Aviation industry monitoring imported COVID-19 cases from both logistics and passengers as Spring Festival begins
Passengers and logistics targeted during Spring Festival holiday
Published: Jan 28, 2021 07:23 PM

An Air China aircraft takes off from Chongqing Jiangbei International Airport in March 2020. Photo: cnsphoto

The 40-day Spring Festival travel begins on Thursday. Different from previous years, there will be strict measures targeting COVID-19 cases from people and chilled or frozen goods.

The civil aviation regulator said that the whole industry continues to put preventing imported COVID-19 cases as their core mission. 

The regulator also said it will complete the vaccination of frontline employees before the Spring Festival holidays.

Air China said it will strengthen prevention and control measures for front-line personnel in contact with the cold chain and cargo transportation, and standardize the operation procedures of cargo handling and disinfection.

Those measures came against the background of a continuing global epidemic. China has also recently witnessed rising cases across several municipalities with viral matter often found on the outer packaging of imported products. 

The latest news is enterprises form Russia, Indonesia, Pakistan and Brazil were suspended of import declaration by Chinese customs for one week after their cod, pan-fried mackerel, cuttlefish and chicken thigh samples were tested positive for COVID-19 respectively.

Shijiazhuang, the capital of North China's Hebei Province announced on Sunday the suspension of fruit imports, removal of on-shelf products and sealing stocks after detecting coronavirus on a batch of imported cherries at a wholesale market. 

Aside from imported cherries, more imported food products, including red king crab, pork and ice cream have been found with the virus on their outer packaging.

Cities also conduct check. For example, Shanghai has been conducting targeted management procedures for cold-chain products while conducting massive nucleic acid tests on goods and produce.

As of Saturday, 32,733 boxes of food products have been tested since November 16, while seven batches of products have tested positive on their outer packaging for coronavirus, accordion to local authority.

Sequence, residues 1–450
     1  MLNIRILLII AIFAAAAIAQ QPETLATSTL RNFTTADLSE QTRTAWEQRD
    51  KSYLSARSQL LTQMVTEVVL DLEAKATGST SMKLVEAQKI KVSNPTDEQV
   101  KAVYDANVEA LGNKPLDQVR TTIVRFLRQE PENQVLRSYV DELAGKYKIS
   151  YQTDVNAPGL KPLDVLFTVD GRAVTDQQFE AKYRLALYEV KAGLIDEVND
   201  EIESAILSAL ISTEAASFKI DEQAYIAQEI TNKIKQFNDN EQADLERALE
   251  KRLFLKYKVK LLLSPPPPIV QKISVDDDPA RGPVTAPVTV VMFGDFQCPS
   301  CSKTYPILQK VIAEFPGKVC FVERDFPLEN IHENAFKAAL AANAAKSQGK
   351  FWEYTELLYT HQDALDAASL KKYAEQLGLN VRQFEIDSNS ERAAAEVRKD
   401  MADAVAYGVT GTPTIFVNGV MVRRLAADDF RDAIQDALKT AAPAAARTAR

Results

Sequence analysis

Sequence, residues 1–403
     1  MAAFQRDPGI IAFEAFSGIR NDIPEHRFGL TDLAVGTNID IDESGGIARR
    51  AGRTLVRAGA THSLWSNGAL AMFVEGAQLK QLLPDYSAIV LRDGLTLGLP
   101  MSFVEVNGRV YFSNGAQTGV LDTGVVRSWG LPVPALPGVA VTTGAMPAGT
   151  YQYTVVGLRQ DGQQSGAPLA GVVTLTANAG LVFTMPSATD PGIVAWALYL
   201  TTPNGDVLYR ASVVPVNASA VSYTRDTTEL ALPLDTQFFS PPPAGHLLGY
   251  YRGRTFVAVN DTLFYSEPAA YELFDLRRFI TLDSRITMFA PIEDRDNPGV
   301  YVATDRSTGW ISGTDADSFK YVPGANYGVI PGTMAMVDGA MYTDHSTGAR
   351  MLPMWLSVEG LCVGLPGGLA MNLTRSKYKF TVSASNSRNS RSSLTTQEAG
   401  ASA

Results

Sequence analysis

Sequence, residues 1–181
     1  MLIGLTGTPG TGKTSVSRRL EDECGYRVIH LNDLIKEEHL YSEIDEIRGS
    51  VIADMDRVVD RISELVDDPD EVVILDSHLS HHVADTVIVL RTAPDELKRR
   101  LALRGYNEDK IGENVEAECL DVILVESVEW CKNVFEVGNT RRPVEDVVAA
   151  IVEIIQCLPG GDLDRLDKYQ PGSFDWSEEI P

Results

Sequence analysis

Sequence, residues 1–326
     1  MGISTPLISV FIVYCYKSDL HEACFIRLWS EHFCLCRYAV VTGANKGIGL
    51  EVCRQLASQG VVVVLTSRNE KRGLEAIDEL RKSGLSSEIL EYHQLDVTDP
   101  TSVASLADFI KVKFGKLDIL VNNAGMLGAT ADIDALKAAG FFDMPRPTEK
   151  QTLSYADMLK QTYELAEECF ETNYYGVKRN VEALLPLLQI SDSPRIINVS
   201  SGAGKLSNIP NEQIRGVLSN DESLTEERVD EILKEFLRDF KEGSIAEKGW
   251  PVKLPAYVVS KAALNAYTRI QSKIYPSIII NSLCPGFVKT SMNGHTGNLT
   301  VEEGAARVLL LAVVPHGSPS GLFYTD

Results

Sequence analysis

Several local CDC bodies have also issued guidelines for those in the cold-chain industry to protect themselves from being affected.

China's CDC deputy director Feng Zijian said in an earlier interview that when the temperature remains low during the winter and people travel, the logistics volume also increases. He said that we should remain cautious on cold-chain products contaminated by the virus, which will increase the risks for imported infections.

All international freight transported by air, land and sea becomes just like cold-chain logistics as winter approaches, which means they could become carriers of COVID-19, Wu Zunyou, chief epidemiologist at China's CDC, also said earlier. 

Airlines also said they will take measures to implement strict virus control precautions. China Eastern Airlines said they will transfer some wide-body aircraft that originally operated on international routes to domestic routes, and some flights with less than 60 percent of load factor will be locked seat to provide more room for travelers.

No more travel rush 

The pandemic has no doubt impacted the aviation industry.

As of noon Thursday, more than half of scheduled passenger flights have been cancelled on the first day of the 40-day Spring Festival travel peak starts, data from information provider VariFlight showed.

During the 2021 Spring Festival travel period, pre-sales of air tickets departing and arriving in Beijing have dropped by more than 60 percent compared with the level of 2019 and 2020, travel platform said.

Civil Aviation Administration of China (CAAC) predicted on Tuesday that the number of trips in the 40-day travel peak will be around 39 million, almost the same as last year, but the prediction is far lower than that in 2019, which was around 73 million.

A subdued travel peak also damped the profit predictions for airlines. A report released by Guotai Junan Securities said last week that the airlines in 2021 are also facing various degrees of unprofitability, with the vaccine the main hope for avoiding a crippling hit to industry revenue. 

The Chinese airline industry may face a big blow as the regulator said on Tuesday that tickets sold for the Spring Festival period must be refunded without charge if necessary, adding to the twin challenge of low load factors and cheap fares caused by the pandemic. 

The International Air Transport Association (IATA) also said latest airline financial data for the third quarter shows that airlines in all regions posted another quarter of net loss. While North America carriers report the largest net loss, Asia-Pacific airlines' net loss declined compared with the previous quarter amid the recovery in large domestic markets and the strong cargo revenues. 

Looking forward, airlines will continue to suffer from dampened demand and turning cash positive will be the key target for the industry, IATA said. It predicted a possibility of turning cash positive at aggregate level in the fourth quarter but until then further support for survival from governments will be critical.